They're back: Girl Scouts taking cookie orders

Once again it's time for the public to sink its collective teeth into one of America's favorite treats - Girl Scout cookies.
Jan 4, 2013
GS cookies  Photo: Mary Hinds • Lebanon Democrat

Signs are popping up in offices all over Wilson County announcing that it's time once again time to place orders for Girl Scout cookies.
GS 2  Photo: Submitted to The Democrat

Jaxyn Kirian, a Girl Scout Brownie in Troop 425, takes a cookie order from neighbor Joe Roberts in Mt. Juliet.

 

Once again it's time for the public to sink its collective teeth into one of America's favorite treats - Girl Scout cookies.

Whether the preference is Thin Mints, Tag-Alongs or Samoas, cookie fantasies are about to come true. Since 1917, Girl Scouts have been tempting taste buds with these popular goodies, and now Girl Scouts and their supporters are taking orders.

Girls Scouts of Middle Tennessee Regional Executive Cathey Sweeney said the cookies are good in more ways than one.

"Sales began Dec. 24," she said. "Now it's just order taking, so people will be taking orders at work or school."

Does she fear that people with fresh New Year's resolutions will resist the urge to order the cookies few can resist?

"By the time the orders come in, you've broken your resolutions by then," Sweeney said, adding Wilson County is fertile ground for cookie sales.

"Sales are usually great here," she said. "For the past three years, of 39 counties, a girl from Mt. Juliet has been the biggest seller. She sells more than 3,000 boxes of cookies every year."

What do Girl Scouts do with the proceeds?

"Of the money raised, part goes to pay for the cookies and some for the operating budget - to keep the lights on and feed the horses.The rest goes back into the troop's checking account. Then, the troop votes on how to spend the proceeds."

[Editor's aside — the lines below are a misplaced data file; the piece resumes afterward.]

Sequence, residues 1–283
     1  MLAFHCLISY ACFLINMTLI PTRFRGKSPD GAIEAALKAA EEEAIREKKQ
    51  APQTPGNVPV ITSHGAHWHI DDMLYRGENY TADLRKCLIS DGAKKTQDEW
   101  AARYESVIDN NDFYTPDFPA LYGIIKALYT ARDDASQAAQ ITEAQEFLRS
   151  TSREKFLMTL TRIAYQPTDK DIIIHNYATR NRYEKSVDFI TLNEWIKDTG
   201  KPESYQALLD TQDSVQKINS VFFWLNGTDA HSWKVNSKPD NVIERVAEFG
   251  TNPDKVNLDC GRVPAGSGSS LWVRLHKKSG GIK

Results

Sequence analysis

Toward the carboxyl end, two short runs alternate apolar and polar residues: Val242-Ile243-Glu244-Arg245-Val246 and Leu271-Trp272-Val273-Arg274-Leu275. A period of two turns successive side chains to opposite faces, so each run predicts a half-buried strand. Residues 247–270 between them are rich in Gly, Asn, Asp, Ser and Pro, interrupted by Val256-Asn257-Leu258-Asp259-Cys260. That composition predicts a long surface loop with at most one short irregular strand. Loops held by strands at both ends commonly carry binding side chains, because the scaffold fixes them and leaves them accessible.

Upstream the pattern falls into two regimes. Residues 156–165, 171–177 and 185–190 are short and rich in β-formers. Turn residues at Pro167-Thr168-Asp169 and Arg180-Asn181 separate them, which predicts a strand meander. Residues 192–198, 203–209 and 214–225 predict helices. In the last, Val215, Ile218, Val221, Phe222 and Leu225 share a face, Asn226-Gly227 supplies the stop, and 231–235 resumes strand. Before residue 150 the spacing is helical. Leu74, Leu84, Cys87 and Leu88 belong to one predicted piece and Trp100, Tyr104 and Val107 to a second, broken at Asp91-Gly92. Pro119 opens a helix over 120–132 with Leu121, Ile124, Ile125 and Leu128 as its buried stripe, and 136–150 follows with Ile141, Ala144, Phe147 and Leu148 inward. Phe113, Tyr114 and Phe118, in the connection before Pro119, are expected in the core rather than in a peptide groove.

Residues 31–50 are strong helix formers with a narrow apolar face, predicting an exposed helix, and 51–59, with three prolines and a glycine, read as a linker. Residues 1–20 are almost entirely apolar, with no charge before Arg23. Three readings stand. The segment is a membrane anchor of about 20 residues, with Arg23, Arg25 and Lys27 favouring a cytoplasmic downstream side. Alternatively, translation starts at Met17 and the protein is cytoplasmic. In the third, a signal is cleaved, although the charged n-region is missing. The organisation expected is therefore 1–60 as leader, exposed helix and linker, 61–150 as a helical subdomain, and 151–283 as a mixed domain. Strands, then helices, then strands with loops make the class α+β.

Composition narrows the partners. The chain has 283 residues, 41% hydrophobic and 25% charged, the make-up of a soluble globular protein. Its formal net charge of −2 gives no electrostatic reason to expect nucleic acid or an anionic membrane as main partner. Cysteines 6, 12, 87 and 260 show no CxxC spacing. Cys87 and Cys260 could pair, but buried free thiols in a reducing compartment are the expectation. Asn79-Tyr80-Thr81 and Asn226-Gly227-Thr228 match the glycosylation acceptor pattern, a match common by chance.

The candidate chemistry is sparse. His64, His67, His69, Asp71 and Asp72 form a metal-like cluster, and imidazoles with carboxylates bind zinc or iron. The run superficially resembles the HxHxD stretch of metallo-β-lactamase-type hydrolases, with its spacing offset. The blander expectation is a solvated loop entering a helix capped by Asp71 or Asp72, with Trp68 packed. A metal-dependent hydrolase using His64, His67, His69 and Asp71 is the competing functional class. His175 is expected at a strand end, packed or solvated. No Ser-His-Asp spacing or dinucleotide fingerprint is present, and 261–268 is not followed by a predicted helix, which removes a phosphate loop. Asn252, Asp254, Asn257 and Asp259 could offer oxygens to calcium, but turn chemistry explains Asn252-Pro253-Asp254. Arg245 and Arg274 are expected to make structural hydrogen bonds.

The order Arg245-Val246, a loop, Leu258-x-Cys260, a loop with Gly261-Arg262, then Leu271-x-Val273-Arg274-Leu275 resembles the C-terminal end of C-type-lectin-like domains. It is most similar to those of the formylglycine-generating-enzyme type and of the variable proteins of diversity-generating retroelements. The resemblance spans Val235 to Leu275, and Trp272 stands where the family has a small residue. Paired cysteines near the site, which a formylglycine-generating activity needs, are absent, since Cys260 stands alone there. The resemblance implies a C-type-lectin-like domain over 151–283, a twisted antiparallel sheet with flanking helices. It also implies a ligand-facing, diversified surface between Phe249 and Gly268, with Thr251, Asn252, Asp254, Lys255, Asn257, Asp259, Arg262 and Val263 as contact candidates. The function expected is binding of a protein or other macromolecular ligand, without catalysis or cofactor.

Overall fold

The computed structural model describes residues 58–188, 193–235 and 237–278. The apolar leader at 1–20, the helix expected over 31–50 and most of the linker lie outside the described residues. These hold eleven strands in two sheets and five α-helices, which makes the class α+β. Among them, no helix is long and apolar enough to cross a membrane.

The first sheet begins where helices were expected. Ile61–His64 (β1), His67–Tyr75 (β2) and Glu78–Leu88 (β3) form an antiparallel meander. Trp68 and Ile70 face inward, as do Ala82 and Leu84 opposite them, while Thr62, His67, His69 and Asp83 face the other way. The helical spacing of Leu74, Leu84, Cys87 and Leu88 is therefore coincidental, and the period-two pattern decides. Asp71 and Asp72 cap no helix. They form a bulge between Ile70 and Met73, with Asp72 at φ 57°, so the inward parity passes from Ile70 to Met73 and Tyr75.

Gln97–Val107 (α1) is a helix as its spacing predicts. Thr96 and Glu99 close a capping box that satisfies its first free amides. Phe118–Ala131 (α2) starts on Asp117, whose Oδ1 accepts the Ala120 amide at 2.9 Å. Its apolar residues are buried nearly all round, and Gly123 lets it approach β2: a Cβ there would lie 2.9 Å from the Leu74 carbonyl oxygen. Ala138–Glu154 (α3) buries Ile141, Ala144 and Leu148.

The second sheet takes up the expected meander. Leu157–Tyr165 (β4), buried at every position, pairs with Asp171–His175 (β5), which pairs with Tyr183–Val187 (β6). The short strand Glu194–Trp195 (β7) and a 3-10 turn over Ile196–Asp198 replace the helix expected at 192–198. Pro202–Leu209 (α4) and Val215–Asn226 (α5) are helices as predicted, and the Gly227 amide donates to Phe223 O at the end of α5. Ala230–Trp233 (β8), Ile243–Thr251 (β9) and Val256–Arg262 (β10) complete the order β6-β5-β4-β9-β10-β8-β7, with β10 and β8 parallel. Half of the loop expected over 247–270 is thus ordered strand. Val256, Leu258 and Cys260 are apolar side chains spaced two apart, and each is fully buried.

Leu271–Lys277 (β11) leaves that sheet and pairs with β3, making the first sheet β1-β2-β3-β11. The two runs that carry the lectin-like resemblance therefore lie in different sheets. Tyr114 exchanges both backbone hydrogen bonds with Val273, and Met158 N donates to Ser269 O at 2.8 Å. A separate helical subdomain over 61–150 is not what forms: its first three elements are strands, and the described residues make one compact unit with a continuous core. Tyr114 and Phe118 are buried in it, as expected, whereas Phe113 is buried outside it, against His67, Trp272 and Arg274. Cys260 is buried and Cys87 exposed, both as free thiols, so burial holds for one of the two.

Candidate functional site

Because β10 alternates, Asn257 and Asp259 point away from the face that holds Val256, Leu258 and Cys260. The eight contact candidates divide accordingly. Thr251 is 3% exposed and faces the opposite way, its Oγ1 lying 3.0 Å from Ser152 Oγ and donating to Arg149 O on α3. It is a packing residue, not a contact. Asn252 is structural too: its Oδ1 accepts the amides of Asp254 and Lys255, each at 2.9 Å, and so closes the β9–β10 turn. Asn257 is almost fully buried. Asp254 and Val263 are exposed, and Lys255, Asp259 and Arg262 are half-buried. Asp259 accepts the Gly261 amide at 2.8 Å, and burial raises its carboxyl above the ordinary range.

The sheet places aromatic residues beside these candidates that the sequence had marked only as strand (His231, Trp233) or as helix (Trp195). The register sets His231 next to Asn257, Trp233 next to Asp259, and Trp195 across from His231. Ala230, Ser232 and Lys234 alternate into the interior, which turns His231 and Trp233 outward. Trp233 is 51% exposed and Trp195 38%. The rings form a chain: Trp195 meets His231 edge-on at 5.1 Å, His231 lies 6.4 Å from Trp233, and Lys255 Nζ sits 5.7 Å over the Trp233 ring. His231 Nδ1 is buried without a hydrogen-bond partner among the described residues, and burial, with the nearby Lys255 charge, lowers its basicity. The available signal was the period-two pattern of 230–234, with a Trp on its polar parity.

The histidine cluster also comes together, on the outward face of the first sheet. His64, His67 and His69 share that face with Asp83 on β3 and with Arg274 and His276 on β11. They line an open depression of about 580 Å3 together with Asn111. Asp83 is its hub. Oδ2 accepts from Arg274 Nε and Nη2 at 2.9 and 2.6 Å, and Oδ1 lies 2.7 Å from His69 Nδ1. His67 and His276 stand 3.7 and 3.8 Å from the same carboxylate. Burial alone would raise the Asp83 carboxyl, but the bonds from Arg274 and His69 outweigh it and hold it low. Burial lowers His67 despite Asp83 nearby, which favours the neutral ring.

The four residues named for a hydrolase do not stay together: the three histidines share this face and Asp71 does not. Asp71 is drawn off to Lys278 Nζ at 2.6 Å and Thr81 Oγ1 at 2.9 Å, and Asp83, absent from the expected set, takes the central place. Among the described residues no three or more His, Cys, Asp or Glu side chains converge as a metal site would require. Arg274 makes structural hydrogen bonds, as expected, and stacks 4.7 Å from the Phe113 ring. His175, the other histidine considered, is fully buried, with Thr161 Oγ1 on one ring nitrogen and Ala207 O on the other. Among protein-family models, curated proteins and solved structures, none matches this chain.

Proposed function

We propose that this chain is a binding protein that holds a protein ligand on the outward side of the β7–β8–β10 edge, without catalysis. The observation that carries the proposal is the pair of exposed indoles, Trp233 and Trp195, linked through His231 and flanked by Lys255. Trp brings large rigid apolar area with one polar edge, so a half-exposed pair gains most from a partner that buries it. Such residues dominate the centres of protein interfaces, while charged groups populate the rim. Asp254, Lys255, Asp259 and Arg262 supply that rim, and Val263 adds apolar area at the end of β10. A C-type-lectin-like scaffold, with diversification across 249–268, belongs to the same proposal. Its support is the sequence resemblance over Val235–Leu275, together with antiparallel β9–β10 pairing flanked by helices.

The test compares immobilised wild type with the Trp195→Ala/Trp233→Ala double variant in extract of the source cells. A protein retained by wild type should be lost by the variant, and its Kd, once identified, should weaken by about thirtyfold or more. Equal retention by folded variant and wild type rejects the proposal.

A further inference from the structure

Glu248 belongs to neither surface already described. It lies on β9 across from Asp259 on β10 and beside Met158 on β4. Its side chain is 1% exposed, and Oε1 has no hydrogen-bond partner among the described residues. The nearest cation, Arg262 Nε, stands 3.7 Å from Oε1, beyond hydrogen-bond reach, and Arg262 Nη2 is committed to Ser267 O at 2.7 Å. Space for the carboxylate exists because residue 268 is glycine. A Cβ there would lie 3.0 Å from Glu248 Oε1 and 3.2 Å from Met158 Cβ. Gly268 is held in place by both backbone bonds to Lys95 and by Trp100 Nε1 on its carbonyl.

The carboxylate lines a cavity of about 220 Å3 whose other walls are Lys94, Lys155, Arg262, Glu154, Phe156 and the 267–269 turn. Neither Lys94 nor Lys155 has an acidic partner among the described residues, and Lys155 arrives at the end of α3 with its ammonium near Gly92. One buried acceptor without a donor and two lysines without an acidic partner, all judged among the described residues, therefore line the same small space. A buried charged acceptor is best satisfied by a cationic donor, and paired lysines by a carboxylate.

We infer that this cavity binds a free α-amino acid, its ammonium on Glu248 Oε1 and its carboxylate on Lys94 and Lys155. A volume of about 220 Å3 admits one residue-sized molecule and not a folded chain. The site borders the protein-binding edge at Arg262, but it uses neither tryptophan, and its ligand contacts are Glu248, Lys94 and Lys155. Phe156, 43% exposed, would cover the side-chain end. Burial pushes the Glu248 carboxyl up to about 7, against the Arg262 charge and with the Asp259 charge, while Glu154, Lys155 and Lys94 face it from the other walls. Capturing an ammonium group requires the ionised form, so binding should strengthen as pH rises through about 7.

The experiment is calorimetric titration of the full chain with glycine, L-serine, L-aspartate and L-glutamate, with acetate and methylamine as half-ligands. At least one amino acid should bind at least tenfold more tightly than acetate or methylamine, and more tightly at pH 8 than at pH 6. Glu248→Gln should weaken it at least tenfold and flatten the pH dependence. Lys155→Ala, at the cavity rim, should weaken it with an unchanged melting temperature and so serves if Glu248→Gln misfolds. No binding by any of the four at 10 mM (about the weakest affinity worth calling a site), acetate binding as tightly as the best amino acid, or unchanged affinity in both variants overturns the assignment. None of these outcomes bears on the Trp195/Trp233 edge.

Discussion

Troops get a lot of suggestions about how to use their profits.

"One email said we should use the money to send cookies to the troops in Afganistan. One troop in Mt. Juliet uses the proceeds to plant flowers at their school. Some use it to fund travel for the girls. They can use the money right away or save up to do something big," Sweeney said.

One popular use for all that "cookie dough" is for a troop to fund a trip to Savannah, Ga. to the mecca of Girl Scouting - the home of founder Juliette Gordon Lowe.

Regardless of how the cookie proceeds are used, it's the cookies that seal the deal.

"The most popular cookies are the Thin Mints, with Samoas and Tag Alongs a close second and third," she said. "They are not only good when you buy them, but they also freeze well, and they can be used in recipes. Recipes can be found on our website, gsmidtn.org."

The price of a box of Girl Scout cookies is still $3.50, the same for the past seven years.

Sweeney said buying Girl Scout cookies isn't just about getting your hands on a great taste sensation.

"It's not just cookies," she said. "You're helping little girls go where they want to go."

 

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